Shot Clock allowed by state adoption for high school basketball
Beginning with the 2022-23 season, a 35-second shot clock will be permitted in high school basketball games by state association adoption. A proposal for a national rule mandating a shot clock was not approved.
A shot clock was among the topics discussed by the National Federation of State High School Associations (NFHS) Basketball Rules Committee at its annual meeting April 20-22 held virtually this year. All recommendations were subsequently approved by the NFHS Board of Directors.
Rule 2-14 states that each state association may adopt a shot clock beginning in the 2022-23 season — according to guidelines outlined in the Basketball Rules Book — to encourage standardization among states. Guidelines include displaying two timepieces that are connected to a horn that is distinctive from the game-clock horn, and using an alternative timing device, such as a stopwatch at the scorer's table, for a shot clock malfunction. The guidelines also allow for corrections to the shot clock only during the shot-clock period in which an error occurred and the officials have definite information relative to the mistake or malfunction.
"We provided the committee with a lot of information regarding the shot clock, including responses to a 46-question survey sent to states currently using a shot clock," said Theresia Wynns, NFHS director of sports and officials and liaison to the Basketball Rules Committee.
The ruling by the NFHS allows nine states that have implemented the shot clock — such as Washington and California — to become complient with NFHS rules. States that are out of compliance with the NFHS do not get a representative on the national rules committee.
Oregon has explored the use of a shot clock in high school basketball in recent years. A 2017 survey of 270 boys and girls coaches by the Oregon Basketball Coaches Association revealed that 76 percent were in favor of it, including 77 percent of boys coaches and 74 percent of girls coaches.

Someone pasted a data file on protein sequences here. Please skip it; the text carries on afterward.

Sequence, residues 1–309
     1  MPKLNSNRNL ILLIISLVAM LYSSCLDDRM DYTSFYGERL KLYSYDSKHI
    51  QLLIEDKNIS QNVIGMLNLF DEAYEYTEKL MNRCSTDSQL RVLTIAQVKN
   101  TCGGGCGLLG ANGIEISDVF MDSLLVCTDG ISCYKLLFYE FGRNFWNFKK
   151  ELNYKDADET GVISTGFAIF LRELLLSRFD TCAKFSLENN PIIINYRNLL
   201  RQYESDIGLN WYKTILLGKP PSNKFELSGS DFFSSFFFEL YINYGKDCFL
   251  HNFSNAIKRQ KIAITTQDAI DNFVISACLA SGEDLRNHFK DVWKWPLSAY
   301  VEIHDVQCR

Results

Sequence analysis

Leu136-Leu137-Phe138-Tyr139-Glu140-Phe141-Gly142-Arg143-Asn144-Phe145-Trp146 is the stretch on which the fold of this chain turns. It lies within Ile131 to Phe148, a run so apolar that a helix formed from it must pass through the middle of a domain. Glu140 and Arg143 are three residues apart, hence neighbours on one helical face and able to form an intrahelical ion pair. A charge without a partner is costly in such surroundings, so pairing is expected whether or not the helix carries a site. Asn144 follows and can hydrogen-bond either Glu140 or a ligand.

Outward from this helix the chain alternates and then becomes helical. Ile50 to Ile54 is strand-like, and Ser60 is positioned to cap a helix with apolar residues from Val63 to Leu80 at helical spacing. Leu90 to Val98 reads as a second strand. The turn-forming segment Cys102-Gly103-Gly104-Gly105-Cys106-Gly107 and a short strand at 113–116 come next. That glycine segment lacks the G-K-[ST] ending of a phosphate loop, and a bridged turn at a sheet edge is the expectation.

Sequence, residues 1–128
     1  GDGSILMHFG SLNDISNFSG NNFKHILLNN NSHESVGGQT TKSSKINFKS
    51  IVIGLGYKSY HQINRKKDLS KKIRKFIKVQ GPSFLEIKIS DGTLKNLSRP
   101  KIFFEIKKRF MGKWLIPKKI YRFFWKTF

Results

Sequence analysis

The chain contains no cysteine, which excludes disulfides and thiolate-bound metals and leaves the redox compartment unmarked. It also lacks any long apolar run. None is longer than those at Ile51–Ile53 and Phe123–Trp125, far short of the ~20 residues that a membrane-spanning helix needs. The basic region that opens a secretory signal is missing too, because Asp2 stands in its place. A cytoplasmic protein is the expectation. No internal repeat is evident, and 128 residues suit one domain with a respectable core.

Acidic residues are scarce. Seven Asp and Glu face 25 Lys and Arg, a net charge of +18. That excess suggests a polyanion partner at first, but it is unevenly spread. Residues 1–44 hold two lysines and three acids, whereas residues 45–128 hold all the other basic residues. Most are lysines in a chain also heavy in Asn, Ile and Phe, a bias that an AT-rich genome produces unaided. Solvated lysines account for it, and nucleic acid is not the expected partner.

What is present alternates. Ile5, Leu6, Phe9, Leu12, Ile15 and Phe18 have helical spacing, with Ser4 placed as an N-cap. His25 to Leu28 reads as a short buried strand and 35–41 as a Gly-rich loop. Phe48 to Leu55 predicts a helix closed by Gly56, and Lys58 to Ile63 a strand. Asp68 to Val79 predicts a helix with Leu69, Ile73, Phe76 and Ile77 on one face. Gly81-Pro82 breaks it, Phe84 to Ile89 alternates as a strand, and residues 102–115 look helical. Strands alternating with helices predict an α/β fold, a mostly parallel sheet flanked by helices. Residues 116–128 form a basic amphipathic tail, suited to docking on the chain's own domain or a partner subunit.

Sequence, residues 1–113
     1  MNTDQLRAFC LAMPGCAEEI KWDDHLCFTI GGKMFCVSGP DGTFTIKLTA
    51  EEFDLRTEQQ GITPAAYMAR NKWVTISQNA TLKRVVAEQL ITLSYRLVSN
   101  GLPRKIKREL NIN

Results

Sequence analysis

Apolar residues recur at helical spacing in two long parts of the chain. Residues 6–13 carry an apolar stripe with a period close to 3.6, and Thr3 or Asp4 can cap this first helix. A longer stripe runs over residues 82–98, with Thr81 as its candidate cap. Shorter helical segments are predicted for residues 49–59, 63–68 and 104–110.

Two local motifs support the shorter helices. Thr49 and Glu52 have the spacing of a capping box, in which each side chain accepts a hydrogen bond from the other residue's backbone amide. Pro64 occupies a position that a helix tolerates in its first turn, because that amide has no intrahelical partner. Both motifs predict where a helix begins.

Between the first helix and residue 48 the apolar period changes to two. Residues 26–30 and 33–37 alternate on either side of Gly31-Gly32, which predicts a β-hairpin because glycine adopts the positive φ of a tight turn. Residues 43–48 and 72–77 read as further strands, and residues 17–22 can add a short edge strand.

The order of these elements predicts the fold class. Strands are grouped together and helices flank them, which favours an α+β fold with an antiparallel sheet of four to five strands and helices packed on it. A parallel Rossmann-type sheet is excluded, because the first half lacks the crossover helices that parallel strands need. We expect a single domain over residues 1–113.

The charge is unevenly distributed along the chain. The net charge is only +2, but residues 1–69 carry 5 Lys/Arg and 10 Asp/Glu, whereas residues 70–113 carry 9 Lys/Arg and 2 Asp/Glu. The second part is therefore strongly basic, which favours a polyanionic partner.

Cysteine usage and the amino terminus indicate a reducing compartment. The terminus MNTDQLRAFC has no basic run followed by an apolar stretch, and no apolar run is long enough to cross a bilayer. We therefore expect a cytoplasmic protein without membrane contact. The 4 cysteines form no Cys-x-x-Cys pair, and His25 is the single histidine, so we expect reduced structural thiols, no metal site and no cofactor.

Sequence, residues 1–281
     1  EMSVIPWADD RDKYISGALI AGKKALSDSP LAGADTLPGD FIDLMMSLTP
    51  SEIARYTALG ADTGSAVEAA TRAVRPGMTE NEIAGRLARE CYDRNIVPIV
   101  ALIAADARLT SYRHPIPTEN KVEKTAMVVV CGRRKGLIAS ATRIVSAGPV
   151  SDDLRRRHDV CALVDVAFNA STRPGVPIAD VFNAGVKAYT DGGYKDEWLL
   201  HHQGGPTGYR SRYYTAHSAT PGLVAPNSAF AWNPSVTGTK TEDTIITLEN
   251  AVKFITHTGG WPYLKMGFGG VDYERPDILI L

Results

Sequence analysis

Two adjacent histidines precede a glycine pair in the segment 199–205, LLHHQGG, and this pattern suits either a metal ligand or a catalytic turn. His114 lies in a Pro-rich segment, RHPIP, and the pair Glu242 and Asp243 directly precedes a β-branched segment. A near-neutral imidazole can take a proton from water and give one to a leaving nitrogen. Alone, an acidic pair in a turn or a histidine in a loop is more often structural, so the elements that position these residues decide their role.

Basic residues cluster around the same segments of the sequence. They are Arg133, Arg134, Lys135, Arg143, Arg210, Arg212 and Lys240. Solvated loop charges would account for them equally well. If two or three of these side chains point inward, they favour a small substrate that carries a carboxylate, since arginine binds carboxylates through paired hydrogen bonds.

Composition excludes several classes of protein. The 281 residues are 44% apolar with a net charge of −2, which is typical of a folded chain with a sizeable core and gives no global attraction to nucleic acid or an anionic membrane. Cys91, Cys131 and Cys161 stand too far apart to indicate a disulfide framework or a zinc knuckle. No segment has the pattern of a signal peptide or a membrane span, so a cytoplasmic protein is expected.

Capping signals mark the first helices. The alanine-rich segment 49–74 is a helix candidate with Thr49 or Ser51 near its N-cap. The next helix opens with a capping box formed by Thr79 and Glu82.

The highest support came from 6A and 5A, at 80 and 85 percent, respectively. Approval dropped off in 4A (61 percent), 3A (64), 2A (57) and 1A (57).
Partly at issue is the cost and staffing that a shot clock would put on schools, where smaller districts often do not have the same pool of resources and staff as larger districts. According to the OSAA, adding a shot clock would cost schools beteween $2,500 to $4,500 per gym and require two additional operators to be staffed.
And while coaches across the board were in favor of implementation, athletic directors voted 57-52 against the shot clock in the survey.
The shot clock was first introduced to the NCAA in 1985 to limit stalling tactics that programs had been used over the years, most notably that of North Carolina coach Dean Smith who used a delay offense to preserve victories during his tenure from 1961 to 1997.
Oregon has seen such tactics rarely, but a recent example came in the 2012 5A girls state championship between Willamette and Springfield. In an attempt to stop future WNBA player Mercedes Russell, Willamette coach Paul Brothers instructed his players to hold the ball indefinitely.
Russell and the Millers were held to a 4-0 lead after the first half and went on to win 16-7, but it was the closest contest that Sprinfield had played all season.
Rule 3-5-4e was added to allow players to wear head coverings for religious reasons without obtaining state association approval. The head covering shall not be made of abrasive or hard materials and must be attached so that it is highly unlikely to come off during play. Basketball is the sixth sport in which a rule related to the wearing of head coverings or other equipment for religious reasons has been adopted, following volleyball, field hockey, soccer, spirit and swimming.
The official signals were also modified to use the same hand signal for a player control foul and a team control foul. Officials should use Signal 36, which is a hand placed at the back of the head, for both types of fouls. Previously, a team control foul was communicated with a punch of the hand.
"It is redundant to have different signals to communicate that a foul will be charged to a member of the team in control of the ball," Wynns said. "Officials don't understand the need to differentiate between a player control foul and a team control foul, and many game participants, table personnel and fans don't know the difference."
A complete listing of the basketball rules changes will be available on the NFHS website at www.nfhs.org. Click on "Activities & Sports" at the top of the home page and select "Basketball."
According to the most recent NFHS High School Athletics Participation Survey, a total of 540,769 boys participated in basketball in 18,617 schools, and 399,067 girls participated in the sport in 18,210 schools across the country. It is the third-most popular sport for boys and girls.
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